Interspinous spacers are a type of medical device that is used to treat spinal stenosis, a condition that occurs when the spinal canal narrows and puts pressure on the nerves running through it. The goal of using an interspinous spacer is to increase the space within the spinal canal and relieve pressure on the nerves. In this article, we will discuss how interspinous spacers(Lumbar Spine Disc Spacers & Spinal Spacers for Stenosis) work, their benefits and risks, and when they may be used as a treatment option.
How do interspinous spacers work?
Interspinous spacers are small spinal spacer devices that are inserted between the spinous processes, which are the bony protuberances that can be felt along the length of the spine. The spacer is inserted through a small incision in the skin and is held in place by small hooks or screws that attach to the spinous processes. Once in place, the spacer expands and creates a space between the spinous processes, increasing the size of the spinal canal and relieving pressure on the nerves.
Benefits of interspinous spacers
One of the main benefits of using interspinous spacers is that they are minimally invasive. Unlike traditional surgery, which involves a large incision and a longer recovery period, interspinous spacers are inserted through a small incision and typically require only a few days of recovery. In addition, interspinous spacers are often effective at relieving pain and other symptoms associated with spinal stenosis.
Risks of interspinous spacers
As with any medical procedure, there are risks associated with using interspinous spacers. These risks may include infection, bleeding, and nerve damage. There is also a risk that the spacer may become loose or dislodged, which could require additional surgery to fix. It is important to discuss these risks with your doctor before deciding to undergo treatment with an interspinous spacer.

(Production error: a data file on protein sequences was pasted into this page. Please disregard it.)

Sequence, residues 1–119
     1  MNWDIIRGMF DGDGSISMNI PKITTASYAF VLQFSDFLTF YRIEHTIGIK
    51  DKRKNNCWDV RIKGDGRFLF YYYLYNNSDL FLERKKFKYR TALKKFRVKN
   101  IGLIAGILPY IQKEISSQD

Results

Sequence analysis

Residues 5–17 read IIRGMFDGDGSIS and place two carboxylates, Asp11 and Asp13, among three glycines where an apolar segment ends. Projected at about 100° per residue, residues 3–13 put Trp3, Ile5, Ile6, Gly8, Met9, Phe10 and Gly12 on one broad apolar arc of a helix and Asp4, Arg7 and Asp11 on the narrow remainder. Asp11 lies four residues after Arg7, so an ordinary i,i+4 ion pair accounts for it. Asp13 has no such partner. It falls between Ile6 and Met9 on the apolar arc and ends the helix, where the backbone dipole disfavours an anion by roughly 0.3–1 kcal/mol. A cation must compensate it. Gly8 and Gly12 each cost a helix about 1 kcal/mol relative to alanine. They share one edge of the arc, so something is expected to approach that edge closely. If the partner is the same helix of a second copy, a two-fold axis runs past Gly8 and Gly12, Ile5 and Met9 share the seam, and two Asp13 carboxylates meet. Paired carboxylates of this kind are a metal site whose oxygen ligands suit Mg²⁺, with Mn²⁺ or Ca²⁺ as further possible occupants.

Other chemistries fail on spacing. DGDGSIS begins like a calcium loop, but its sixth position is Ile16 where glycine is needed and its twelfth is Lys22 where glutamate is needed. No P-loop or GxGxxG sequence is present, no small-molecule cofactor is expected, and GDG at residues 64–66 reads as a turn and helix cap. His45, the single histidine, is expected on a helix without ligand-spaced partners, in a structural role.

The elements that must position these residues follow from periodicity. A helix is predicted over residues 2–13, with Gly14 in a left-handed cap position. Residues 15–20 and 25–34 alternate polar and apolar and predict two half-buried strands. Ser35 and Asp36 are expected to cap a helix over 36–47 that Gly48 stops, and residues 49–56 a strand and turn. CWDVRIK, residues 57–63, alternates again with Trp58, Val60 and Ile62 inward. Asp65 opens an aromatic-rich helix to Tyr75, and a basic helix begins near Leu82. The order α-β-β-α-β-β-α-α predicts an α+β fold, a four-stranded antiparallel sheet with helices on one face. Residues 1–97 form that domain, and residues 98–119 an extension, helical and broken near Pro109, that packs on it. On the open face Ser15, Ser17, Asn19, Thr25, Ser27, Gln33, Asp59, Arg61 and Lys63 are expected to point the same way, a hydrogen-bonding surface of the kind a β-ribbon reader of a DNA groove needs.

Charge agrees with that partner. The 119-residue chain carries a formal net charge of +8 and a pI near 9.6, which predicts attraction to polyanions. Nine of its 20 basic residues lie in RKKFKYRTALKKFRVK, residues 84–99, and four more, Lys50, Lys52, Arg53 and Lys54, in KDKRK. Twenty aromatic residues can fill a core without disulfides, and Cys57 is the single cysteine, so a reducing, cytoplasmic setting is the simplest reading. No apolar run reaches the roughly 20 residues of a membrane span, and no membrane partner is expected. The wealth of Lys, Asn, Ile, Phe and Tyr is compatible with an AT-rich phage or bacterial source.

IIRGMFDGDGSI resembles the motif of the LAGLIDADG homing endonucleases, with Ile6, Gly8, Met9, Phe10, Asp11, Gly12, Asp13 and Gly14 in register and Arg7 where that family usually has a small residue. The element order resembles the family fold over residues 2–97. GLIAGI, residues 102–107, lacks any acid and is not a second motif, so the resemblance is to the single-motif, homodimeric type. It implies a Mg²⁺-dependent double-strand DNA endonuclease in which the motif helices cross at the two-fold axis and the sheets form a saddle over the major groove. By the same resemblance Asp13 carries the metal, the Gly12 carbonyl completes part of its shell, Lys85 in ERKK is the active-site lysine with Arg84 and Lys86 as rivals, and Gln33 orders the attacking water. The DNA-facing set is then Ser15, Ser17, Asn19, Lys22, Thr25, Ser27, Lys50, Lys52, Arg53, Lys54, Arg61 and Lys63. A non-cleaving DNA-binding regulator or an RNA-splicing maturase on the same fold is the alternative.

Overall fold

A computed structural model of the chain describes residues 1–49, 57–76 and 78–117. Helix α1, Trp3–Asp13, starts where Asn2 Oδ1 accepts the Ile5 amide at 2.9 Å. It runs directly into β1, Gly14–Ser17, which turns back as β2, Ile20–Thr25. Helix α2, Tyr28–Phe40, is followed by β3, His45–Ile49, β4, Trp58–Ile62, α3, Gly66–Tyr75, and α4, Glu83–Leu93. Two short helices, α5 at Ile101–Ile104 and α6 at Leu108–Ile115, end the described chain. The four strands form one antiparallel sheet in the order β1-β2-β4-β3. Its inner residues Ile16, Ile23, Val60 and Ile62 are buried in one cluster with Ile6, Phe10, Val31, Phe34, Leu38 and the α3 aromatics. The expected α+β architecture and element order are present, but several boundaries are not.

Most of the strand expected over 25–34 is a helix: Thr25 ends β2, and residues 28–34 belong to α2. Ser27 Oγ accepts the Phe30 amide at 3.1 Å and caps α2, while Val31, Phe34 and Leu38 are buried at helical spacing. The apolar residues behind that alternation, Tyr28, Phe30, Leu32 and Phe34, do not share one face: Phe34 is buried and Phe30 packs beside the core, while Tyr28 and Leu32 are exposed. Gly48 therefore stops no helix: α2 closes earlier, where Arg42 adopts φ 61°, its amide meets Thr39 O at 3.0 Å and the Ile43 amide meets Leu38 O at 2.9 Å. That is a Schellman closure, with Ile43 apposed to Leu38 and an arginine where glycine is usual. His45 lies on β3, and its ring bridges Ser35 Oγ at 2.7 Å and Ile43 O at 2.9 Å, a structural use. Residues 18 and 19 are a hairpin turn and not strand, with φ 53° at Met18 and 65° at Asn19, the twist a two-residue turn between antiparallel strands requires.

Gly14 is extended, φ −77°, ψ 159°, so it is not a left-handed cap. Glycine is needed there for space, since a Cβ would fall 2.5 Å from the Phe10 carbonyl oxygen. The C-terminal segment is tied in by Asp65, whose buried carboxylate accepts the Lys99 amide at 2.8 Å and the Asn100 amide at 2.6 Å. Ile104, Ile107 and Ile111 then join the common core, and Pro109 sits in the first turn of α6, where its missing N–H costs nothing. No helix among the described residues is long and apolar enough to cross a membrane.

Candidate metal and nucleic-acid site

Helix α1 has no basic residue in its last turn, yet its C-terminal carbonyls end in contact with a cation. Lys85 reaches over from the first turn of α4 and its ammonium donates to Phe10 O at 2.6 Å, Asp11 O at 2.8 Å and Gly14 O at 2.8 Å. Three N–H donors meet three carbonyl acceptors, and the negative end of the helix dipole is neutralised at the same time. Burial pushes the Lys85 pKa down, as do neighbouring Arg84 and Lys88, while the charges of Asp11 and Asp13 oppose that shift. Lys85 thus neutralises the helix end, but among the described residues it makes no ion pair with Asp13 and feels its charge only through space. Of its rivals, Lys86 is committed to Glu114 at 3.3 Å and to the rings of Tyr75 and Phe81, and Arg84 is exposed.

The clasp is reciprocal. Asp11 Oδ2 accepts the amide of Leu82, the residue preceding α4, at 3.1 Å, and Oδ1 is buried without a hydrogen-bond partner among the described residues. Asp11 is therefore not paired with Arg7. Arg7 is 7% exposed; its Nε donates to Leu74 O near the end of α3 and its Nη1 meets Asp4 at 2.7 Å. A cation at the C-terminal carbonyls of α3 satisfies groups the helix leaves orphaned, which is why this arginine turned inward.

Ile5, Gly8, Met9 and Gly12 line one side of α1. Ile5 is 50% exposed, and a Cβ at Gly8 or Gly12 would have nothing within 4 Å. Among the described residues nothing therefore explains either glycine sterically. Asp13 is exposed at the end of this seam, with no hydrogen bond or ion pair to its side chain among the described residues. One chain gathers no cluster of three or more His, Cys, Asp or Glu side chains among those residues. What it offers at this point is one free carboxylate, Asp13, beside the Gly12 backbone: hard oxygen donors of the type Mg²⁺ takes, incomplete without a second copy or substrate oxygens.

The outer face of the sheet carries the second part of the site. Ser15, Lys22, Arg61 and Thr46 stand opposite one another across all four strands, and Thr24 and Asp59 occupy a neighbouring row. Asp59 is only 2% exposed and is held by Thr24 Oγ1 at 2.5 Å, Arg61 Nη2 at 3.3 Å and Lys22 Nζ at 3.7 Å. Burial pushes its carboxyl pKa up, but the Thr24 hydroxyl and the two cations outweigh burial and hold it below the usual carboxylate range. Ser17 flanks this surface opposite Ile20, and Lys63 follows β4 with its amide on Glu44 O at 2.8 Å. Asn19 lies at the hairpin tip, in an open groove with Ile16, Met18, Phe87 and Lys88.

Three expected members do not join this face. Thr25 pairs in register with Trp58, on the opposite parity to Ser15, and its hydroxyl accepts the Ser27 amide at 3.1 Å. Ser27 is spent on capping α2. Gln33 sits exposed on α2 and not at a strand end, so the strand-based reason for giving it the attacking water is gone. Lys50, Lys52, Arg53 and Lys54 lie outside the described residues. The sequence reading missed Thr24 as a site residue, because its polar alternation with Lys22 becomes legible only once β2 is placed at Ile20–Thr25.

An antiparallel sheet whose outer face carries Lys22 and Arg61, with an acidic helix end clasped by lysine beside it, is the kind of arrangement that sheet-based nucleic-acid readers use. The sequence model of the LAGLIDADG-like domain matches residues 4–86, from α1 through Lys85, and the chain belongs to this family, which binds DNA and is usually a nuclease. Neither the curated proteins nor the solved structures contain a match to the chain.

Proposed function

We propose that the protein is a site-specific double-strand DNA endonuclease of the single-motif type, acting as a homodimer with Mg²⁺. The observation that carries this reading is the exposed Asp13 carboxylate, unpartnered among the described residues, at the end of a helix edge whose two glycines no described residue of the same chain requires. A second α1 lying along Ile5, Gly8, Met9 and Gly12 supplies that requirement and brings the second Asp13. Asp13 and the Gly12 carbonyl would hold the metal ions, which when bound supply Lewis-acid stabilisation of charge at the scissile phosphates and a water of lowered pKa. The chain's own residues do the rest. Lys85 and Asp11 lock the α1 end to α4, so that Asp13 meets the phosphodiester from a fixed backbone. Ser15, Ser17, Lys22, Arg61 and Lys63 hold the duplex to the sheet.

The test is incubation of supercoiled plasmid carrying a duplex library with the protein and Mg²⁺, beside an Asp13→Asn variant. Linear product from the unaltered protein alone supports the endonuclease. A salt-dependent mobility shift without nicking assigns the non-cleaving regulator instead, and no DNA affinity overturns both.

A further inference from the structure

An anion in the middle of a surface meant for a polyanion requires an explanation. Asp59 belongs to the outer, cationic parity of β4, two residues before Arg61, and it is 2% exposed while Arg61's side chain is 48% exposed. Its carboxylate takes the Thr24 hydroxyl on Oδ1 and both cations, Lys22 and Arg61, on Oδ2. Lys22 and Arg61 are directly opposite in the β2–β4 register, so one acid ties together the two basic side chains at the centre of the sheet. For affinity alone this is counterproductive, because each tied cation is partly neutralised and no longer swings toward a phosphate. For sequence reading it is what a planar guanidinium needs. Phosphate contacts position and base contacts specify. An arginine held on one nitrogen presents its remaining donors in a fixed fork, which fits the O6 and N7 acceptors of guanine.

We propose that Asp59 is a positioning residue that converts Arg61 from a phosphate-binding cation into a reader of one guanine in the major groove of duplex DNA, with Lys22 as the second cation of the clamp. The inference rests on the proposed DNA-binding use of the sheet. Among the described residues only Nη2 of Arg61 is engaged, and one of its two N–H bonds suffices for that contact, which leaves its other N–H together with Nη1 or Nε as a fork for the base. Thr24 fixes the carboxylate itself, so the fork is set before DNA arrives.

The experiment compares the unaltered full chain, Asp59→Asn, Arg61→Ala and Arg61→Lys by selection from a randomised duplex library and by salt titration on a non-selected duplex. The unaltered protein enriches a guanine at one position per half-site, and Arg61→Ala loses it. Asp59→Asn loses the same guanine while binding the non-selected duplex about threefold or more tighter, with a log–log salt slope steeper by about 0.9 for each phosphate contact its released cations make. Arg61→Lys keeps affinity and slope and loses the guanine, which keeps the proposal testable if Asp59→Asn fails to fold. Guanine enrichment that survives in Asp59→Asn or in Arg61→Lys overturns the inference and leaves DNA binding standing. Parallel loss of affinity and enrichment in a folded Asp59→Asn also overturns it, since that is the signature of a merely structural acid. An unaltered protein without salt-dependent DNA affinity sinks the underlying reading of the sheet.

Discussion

When are interspinous spacers used?
Interspinous spacers are typically used as a treatment option for individuals who have spinal stenosis and are experiencing pain, numbness, tingling, or weakness in their legs or back. They may also be used in individuals who have not responded to other forms of treatment, such as physical therapy or medications. In general, interspinous spacers are most effective in individuals who have mild to moderate spinal stenosis and are not candidates for more invasive forms of surgery.
In conclusion, interspinous spacers are a minimally invasive treatment option for individuals with spinal stenosis. While they may be effective at relieving pain and other symptoms, it is important to discuss the risks and benefits with your doctor before deciding to undergo treatment.
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